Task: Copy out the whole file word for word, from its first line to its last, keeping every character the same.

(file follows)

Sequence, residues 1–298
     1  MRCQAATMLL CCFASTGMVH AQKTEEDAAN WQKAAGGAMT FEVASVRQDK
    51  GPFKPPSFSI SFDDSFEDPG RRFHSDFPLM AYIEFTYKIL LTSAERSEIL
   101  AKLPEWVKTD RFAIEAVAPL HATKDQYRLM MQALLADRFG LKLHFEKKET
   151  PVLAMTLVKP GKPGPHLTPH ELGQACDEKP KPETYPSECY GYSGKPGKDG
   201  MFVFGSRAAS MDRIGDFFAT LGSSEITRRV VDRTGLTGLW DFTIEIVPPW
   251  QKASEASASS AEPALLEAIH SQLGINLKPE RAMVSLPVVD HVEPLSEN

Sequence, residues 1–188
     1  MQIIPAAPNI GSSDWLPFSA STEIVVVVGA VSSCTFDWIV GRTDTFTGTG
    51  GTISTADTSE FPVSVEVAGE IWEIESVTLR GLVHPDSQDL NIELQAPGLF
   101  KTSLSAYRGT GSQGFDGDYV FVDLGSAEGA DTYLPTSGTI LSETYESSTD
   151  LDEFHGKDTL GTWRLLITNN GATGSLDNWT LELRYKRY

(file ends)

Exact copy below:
Sequence, residues 1–298
     1  MRCQAATMLL CCFASTGMVH AQKTEEDAAN WQKAAGGAMT FEVASVRQDK
    51  GPFKPPSFSI SFDDSFEDPG RRFHSDFPLM AYIEFTYKIL LTSAERSEIL
   101  AKLPEWVKTD RFAIEAVAPL HATKDQYRLM MQALLADRFG LKLHFEKKET
   151  PVLAMTLVKP GKPGPHLTPH ELGQACDEKP KPETYPSECY GYSGKPGKDG
   201  MFVFGSRAAS MDRIGDFFAT LGSSEITRRV VDRTGLTGLW DFTIEIVPPW
   251  QKASEASASS AEPALLEAIH SQLGINLKPE RAMVSLPVVD HVEPLSEN

Sequence, residues 1–188
     1  MQIIPAAPNI GSSDWLPFSA STEIVVVVGA VSSCTFDWIV GRTDTFTGTG
    51  GTISTADTSE FPVSVEVAGE IWEIESVTLR GLVHPDSQDL NIELQAPGLF
   101  KTSLSAYRGT GSQGFDGDYV FVDLGSAEGA DTYLPTSGTI LSETYESSTD
   151  LDEFHGKDTL GTWRLLITNN GATGSLDNWT LELRYKRY